Born March 29, 1955, is a singer-songwriter and producer. Like many other black singer/songwriters, he began performing gospel music in church settings as a youngster and then moved into the secular field as a lyricist, producer, and singer. An active recording artist since the 1970s, Clayton’s career has endured almost 40 years and has spanned a repertoire in the styles of R&B, soul, and gospel. Birthed into an era of soul and R&B legends, a time when music was pure, lyrics had meaning, and artists had pronounceable names, Willie Clayton is now one of the few working artists of his contemporaries. Since the 1970’s he’s been crooning with the likes of Ron Isley, Bobby Womack, Sam Cooke, and Marvin Gaye, yet now he stands nearly alone, facing a new generation.
Born in the Deep South (Indianola, Mississippi) one of 11 siblings, during the days of segregation, Clayton, unable to find proper management or the success he sought moved to Chicago in 1971.
Considered by critics and fans alike to be one of the last great “Soul” men, Clayton continues to record and perform and has maintained a devoted following throughout the world.
Born Robert Smith, Bigg Robb began his journey in the music industry as a teenage disc jockey at a small radio station in Cincinnati, Ohio in the late '70s. Through the early '80s he stayed in radio, focusing on soul and funk artists such as Bootsy Collins, Midnight Star, Zapp & Roger, and other greats of the era, often interviewing these artists on his shows. Eventually he fell in with a circle of soul and funk stars, hanging out in recording studios with them and ultimately coming under the mentorship of Roger Troutman, who enlisted Smith as his driver, then as a member of his band Zapp, all the while encouraging Smith to record his own original music. After Troutman's death in 1999, Smith took on the Bigg Robb moniker and set out on a solo career with the 2002 album Grown Folk's Muzic. Embracing Midwest funk, Southern soul, and gospel alike, Bigg Robb's catalog grew at a prolific rate as he offered up new music nonstop for the years that followed. He went on to release multiple albums of his spirited R&B-infused sounds, including highlights like 2009's Jerri Curl Muzic, 2012's Juke Joint Music, and 2015's Showtime.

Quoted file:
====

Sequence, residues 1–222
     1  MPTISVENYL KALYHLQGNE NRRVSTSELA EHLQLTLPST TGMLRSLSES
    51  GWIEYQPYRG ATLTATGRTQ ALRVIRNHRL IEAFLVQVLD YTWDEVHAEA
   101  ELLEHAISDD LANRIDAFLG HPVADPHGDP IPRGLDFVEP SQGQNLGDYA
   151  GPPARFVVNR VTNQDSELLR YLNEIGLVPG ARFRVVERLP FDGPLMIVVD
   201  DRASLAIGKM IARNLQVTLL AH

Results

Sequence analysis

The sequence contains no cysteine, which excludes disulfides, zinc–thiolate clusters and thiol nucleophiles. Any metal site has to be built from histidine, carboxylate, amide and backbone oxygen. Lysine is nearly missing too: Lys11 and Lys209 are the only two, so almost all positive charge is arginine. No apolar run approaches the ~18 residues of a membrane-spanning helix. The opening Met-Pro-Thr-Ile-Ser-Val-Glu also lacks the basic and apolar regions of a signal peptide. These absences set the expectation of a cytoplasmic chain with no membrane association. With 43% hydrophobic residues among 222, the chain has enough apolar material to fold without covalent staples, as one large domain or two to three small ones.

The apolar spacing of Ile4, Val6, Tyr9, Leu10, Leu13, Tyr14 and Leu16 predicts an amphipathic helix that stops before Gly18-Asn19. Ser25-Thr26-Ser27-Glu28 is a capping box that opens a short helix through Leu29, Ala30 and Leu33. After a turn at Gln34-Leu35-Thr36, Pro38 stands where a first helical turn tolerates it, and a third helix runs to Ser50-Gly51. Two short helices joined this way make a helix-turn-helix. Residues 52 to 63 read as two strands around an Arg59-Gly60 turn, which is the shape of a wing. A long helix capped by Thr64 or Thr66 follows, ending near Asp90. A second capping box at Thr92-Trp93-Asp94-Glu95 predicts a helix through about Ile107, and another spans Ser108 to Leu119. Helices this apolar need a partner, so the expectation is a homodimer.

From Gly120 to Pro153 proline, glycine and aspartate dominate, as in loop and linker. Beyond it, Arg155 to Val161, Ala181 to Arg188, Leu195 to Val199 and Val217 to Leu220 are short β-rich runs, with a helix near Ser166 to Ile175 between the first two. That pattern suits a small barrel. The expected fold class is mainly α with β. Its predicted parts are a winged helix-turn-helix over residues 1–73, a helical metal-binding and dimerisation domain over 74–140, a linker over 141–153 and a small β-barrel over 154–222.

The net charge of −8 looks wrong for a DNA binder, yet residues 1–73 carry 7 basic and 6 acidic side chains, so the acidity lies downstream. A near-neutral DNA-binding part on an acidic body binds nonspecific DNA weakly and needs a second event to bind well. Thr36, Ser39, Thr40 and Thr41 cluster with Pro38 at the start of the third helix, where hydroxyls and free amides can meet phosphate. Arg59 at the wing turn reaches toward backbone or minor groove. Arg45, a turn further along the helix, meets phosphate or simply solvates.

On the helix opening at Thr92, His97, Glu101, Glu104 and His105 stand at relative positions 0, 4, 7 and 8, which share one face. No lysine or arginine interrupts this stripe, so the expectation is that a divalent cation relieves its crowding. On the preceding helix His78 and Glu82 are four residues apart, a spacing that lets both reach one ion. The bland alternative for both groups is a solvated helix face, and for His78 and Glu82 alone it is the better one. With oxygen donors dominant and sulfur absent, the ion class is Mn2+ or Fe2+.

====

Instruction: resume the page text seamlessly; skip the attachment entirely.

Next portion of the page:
Born and raised in Jackson in the heart of Mississippi, Zac Harmon is a true extension of the music that came from the city’s historic Farish Street district, the home of blues legend Elmore James. A guitarist, organist, singer, and songwriter, Harmon's distinctive style combines the best of old-school soul-blues artists like Z.Z. Hill and Dorothy Moore with modern lyrics and themes that allow the blues to breathe in the new millennium. His live performances combine elements of everything that influenced him: soul-blues, gospel, reggae, and modern blues-rock.
Harmon played guitar for Hill and Moore, as well as Sam Myers and McKinley Mitchell when they passed through on their regional tours, and he finally moved to L.A. in the early '80s to take a real shot at this music business. He began as a session musician and then established himself as a writer and producer as well. He wrote songs for the likes of Evelyn "Champagne" King, Freddie Jackson, the Whispers, K-Ci & Jo Jo, and the O'Jays, and produced songs for reggae band Black Uhuru's Mystical Truth album, which received a Grammy nomination in 1994.
As a songwriter, singer, guitarist, bandleader, producer, and impresario, Harmon has embodied all that blues music can become in the second decade of the new millennium.
Castro Coleman aka Mr. Sipp The Mississippi Blues Child is a native of McComb. Castro was born in the small town of McComb, Mississippi to Johnell and the late Vera Coleman. He is a husband and father of four daughters. He has been around music all of his life. His parents and aunt had a quartet group. He was influenced by BB King at the age of 6 which is when he started playing the guitar.